Cinema Signal:

Cinderella Man
By Michael DeLisa

. "Cinderella Man"

As a director, Ron Howard's inclination toward balancing history and sentiment in the fabrication of a mythology has produced the occasional winner ("A Beautiful Mind"). He now applies that sensibility to this biography of a man who reminded a nation during the mean years of the depression what determination can do to triumph over adversity.

In his earlier years, Irishman Jim (James) Braddock (Russell Crowe, "Master and Commander," "Gladiator") is a middleweight boxer with promise. In his corner as his primary supporter is manager Joe Gould (Paul Giamatti of "Sideways" fame). At home, his loving wife Mae (Renee Zellwegger, "Cold Mountain," "Jerry Maguire") supports her husband's chosen profession and takes pride in what he's managed to accomplished, though she never attends a match. His success provides well for the couple and their three kids. The smart breadwinner even invests in the stock market.

And then, two disasters hit like roundhouse punches. Just as Wall Street suffers the crash of '29, Braddock suffers injuries to his powerful right hand--and he never had much of a left. After a bout that elicits jeers from the crowd, big time promoter Jimmy Johnston decommissions Braddock.

In the employment vacuum of the depression, Braddock finds work at the docks, where a one-day job is a hit and miss proposition. He and Mae slowly sell their belongings and move into a cold-water flat. When his oldest boy steals a sausage, Braddock shows his unalterable sense of values by making him return it and pledges that he'll never send him away for want of food.

As things refuse to improve, with debts piling up, without a coin for public transportation, Braddock finally accepts public assistance. He's even reduced to begging from his former boxing associates and is outraged when Mae sends the kids to her parents'. But it's only bread and potatoes on their table.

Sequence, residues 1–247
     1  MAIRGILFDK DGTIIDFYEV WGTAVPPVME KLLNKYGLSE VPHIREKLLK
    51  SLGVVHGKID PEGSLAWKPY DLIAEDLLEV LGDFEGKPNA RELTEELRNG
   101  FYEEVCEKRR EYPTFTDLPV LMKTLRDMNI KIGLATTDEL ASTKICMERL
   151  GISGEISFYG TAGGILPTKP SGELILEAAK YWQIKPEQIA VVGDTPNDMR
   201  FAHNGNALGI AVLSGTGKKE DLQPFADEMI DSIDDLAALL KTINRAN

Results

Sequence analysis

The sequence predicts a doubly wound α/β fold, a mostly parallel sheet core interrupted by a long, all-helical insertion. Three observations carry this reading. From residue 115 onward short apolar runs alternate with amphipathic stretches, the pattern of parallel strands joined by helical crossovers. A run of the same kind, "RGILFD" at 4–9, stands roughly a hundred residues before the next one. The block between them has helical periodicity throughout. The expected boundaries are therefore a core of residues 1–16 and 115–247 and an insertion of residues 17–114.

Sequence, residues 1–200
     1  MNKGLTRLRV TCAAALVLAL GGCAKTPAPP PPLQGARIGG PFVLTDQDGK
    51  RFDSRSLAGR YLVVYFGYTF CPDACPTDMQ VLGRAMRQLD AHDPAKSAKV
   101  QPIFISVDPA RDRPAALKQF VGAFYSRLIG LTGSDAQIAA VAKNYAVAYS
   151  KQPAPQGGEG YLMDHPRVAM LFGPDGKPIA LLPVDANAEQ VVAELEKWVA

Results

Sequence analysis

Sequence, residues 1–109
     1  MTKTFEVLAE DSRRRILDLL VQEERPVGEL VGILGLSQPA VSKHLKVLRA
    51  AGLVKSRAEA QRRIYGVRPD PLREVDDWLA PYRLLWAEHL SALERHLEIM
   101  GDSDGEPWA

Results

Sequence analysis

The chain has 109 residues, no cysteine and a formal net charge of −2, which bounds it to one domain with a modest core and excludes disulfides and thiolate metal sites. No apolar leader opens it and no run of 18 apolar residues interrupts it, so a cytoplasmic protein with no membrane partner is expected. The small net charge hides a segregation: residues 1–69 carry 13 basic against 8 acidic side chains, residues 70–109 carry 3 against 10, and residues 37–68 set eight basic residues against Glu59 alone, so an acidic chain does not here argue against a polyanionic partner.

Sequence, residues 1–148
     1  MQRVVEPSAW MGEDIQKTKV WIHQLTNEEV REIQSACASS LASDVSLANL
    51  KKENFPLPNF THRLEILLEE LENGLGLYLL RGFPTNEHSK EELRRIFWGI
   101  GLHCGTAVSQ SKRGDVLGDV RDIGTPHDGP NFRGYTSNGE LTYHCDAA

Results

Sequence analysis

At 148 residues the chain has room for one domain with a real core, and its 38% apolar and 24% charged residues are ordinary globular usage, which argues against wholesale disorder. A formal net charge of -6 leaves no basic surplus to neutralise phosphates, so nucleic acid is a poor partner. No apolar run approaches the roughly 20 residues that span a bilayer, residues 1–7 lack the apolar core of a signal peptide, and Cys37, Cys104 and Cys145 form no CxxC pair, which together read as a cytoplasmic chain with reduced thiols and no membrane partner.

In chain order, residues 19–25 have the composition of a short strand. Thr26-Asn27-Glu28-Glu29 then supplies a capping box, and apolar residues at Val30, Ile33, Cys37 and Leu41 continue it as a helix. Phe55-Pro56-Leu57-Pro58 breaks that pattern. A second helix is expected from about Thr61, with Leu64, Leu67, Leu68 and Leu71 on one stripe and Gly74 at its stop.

From these survival conditions during the desperate year of 1934, the return that will turn him into a front page phenomenon starts with the offer of a one-time fight as a replacement in a scheduled bout. Against all odds and expectations, he wins. Gould successfully negotiates another fight by demonstrating to promoter Johnston how profitable it could be, win or lose. Braddock is ecstatic. Given that his right hand has healed, and his left has been developed by his work on the docks, his career is anything but over. In his future is getting into the ring as a 10:1 underdog with the heavyweight title-holder and, as portrayed, a slime-ball of a human being, Max Baer.

The victories of this written-off "has-been" dumbfound boxing fans and sports writers. Damon Runyon dubs him the "Cinderella Man." But, why does this "true" story have the look of artifice and Hollywood gloss the minute it steps out of the ring? Why is the period "look" such a conventional simulation achieved by the standard prop shop fare, wardrobe department vests and caps, period hairdos and sepia toning?

With Howard's insistent push to let no bleeding heart go unfulfilled after his relatively unrewarded and more challenging The Missing, and Zellwegger's complicity in holding down the fort of weepy repetition, one may wonder why the movie works as well as it does. The answer, of course, is Crowe -- his no-contest presence, his command of the screen, his harnessing of big skills in a tight rein. His athleticism is no phony simulation, either. When his arms are raised in victory, you get a screen full of muscle. He punches the bag as vigorously as any fighter, and his ringside choreography in Howard's excellent fight staging is as convincing as it gets in boxing movies.

Because of the indomitable spirit he conveys, I have to dub the movie a powerful combo of history, decency, sentiment and knowing how to ring an audience's bell. The choice of Crowe to portray Braddock is a knockout punch.

Captions for these photos of the real Jim Braddock:
1. Joe Louis & Jim (James) Braddock
2. Jim Braddock in an action pose
3. Jim Braddock with manager Joe Gould, wins decision over Tommy Farr. Madison Square Garden, 1938
4. Jim Braddock shows his title belt at the North Bergen Boys Club

                                      ~~  Jules Brenner  


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Russell Crowe and Paul Giamatti
Facing an injured right hand and what it portends


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